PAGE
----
Why Interest in Hosting the Olympics is Plummeting
When Rio de Janeiro won the bid to host this year’s Olympics back in 2009, Brazilians were ecstatic. That is until the worst economic recession in recent memory struck the South American nation.
Unemployment has sky-rocketed and the living conditions of the Brazilian citizens have plummeted. Twenty percent of Rio’s population lives in favelas, the poor, dilapidated neighborhoods of the city.
With the Olympic budget venturing into the billions, some are beginning to question whether Rio should have ever applied to host the games. Instead, citizens would rather have the money spent on assistance and programs to aid struggling citizens and stimulate a dead economy.
Officially, the cost estimate of the Rio games is $12 billion. However, experts agree that the actual spending will end up closer to $20 billion if not even higher. While billions of dollars are being spent, the country is simultaneously cutting spending on health care and education. Police forces have gone unpaid for weeks at a time in some cases.
While the situation in Rio may be direr than most due to their massive recession, hosting the Olympic Games results in a loss for nearly every city that hosts the event. Andrew Rose, an economist at UC Berkeley, believes that “hosting the Olympics is just a terrible idea” because nearly every Olympics is grossly over budget and leaves the host city with billions in debt. This financial burden has begun to daunt various cities. Their concerns are reflected in the recent applications of cities to host the games, or lack thereof.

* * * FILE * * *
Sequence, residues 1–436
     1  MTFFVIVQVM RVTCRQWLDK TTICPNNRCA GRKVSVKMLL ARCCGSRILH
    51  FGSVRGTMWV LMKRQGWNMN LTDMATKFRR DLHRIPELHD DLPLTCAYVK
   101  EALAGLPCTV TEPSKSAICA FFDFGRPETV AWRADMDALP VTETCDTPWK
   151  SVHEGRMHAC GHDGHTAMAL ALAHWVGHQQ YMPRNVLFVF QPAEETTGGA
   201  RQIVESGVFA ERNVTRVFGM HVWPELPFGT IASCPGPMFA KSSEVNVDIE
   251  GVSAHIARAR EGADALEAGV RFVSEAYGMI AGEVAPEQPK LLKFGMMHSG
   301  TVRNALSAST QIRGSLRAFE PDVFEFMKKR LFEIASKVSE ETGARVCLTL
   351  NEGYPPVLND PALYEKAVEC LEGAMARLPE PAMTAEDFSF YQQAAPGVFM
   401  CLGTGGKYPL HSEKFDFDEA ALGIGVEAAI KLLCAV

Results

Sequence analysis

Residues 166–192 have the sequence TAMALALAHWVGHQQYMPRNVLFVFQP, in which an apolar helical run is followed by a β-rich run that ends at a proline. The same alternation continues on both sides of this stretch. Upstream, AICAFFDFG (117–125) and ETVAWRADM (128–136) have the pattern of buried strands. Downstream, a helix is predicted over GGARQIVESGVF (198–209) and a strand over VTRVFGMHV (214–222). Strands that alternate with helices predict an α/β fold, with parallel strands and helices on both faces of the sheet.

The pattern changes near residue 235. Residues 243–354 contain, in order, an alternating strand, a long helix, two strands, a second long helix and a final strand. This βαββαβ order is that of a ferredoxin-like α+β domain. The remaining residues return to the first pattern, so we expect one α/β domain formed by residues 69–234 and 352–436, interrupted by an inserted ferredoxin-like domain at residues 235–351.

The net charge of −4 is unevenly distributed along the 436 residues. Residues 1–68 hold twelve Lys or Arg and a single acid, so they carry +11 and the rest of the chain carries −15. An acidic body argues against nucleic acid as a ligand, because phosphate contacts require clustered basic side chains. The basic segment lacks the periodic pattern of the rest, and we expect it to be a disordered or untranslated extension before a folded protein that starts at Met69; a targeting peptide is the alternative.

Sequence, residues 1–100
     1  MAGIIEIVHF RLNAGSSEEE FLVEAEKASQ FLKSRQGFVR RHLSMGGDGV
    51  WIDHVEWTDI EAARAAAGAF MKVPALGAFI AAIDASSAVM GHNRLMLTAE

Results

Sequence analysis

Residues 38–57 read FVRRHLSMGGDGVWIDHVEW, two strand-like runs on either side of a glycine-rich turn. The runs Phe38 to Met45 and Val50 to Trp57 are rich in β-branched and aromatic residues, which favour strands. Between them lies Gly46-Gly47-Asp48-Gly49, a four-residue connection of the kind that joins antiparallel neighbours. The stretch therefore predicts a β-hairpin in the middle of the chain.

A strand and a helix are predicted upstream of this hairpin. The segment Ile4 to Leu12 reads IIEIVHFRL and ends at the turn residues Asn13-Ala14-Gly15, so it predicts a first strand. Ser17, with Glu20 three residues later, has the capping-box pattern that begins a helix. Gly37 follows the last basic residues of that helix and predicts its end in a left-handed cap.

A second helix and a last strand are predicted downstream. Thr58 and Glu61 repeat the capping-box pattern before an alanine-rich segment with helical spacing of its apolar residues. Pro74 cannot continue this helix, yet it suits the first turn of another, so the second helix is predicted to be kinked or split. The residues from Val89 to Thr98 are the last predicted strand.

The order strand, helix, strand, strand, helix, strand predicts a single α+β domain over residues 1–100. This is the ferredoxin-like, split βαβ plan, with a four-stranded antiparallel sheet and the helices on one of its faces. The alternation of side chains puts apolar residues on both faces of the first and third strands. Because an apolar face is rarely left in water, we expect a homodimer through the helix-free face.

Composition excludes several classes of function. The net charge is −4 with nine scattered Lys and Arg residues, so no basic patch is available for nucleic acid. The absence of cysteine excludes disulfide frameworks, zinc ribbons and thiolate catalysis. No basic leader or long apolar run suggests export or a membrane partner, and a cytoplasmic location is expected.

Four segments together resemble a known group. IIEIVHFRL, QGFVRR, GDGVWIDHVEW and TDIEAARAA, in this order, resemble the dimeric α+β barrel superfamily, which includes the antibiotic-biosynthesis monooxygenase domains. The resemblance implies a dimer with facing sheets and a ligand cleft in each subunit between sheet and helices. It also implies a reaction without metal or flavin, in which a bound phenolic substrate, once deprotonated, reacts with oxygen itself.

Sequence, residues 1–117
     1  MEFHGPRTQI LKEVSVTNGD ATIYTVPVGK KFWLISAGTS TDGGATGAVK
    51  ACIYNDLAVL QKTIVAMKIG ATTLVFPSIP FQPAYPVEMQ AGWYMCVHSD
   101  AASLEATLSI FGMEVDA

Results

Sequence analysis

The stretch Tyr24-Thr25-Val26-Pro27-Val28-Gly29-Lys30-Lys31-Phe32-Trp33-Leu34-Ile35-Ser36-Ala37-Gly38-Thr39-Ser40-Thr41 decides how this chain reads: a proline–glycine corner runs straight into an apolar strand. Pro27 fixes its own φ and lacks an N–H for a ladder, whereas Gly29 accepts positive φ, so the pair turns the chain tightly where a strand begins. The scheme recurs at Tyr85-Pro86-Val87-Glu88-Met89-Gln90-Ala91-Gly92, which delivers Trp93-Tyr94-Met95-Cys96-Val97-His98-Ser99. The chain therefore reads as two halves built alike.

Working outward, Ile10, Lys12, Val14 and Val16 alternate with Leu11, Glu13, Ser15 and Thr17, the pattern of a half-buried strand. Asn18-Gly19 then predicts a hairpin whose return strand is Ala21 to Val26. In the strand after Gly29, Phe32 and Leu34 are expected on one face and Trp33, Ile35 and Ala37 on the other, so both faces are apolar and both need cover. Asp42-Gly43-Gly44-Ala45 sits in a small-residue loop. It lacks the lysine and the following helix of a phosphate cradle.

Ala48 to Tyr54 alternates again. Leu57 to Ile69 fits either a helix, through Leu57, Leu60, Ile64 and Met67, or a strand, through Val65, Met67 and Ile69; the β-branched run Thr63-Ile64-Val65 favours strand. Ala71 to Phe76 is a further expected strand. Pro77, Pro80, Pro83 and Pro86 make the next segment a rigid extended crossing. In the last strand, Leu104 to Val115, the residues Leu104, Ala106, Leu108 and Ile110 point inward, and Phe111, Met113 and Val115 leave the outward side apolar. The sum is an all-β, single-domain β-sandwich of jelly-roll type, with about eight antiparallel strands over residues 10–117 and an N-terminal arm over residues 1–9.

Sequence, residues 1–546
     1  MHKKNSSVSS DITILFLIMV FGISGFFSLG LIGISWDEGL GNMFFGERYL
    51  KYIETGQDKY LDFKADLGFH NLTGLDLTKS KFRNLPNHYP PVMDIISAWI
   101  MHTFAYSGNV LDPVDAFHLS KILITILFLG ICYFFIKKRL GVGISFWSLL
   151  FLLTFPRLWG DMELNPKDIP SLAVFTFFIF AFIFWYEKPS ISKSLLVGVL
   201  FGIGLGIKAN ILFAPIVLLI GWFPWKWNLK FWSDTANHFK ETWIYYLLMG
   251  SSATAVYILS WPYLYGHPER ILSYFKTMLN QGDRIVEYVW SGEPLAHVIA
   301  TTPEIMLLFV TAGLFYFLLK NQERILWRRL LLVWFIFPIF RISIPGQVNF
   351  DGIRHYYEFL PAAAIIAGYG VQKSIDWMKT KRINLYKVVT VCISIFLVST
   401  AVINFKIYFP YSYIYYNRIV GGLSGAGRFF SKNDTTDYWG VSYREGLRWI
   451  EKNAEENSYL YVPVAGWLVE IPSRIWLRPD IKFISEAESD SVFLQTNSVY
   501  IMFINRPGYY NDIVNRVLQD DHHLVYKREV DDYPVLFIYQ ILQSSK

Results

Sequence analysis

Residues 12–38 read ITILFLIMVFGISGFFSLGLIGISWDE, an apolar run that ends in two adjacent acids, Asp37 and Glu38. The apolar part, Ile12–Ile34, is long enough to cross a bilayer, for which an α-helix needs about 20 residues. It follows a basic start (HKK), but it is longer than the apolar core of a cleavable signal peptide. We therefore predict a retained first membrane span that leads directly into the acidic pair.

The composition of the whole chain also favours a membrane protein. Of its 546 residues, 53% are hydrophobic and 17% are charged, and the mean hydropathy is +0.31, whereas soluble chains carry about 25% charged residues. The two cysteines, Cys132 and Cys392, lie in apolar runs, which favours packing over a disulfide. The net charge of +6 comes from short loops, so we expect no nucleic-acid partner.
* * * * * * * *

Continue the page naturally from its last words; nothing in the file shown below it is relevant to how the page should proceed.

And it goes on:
Eleven cities applied to host the 2004 summer games, yet only five expressed interest for the games in 2020. Only two cities offered to host the 2022 Winter Olympics, Almaty, Kazakhstan and Beijing. Both of these cities have major human rights concerns and are not ideal options.
The International Olympic Committee has recently reformed the bidding process, promoting more “reuse and renovation” of facilities used for the games as opposed to building brand new stadiums that never get used again. Unless this option dramatically reduces costs for cities and is viable for the hosting of the games, expect the application numbers to continue to dwindle.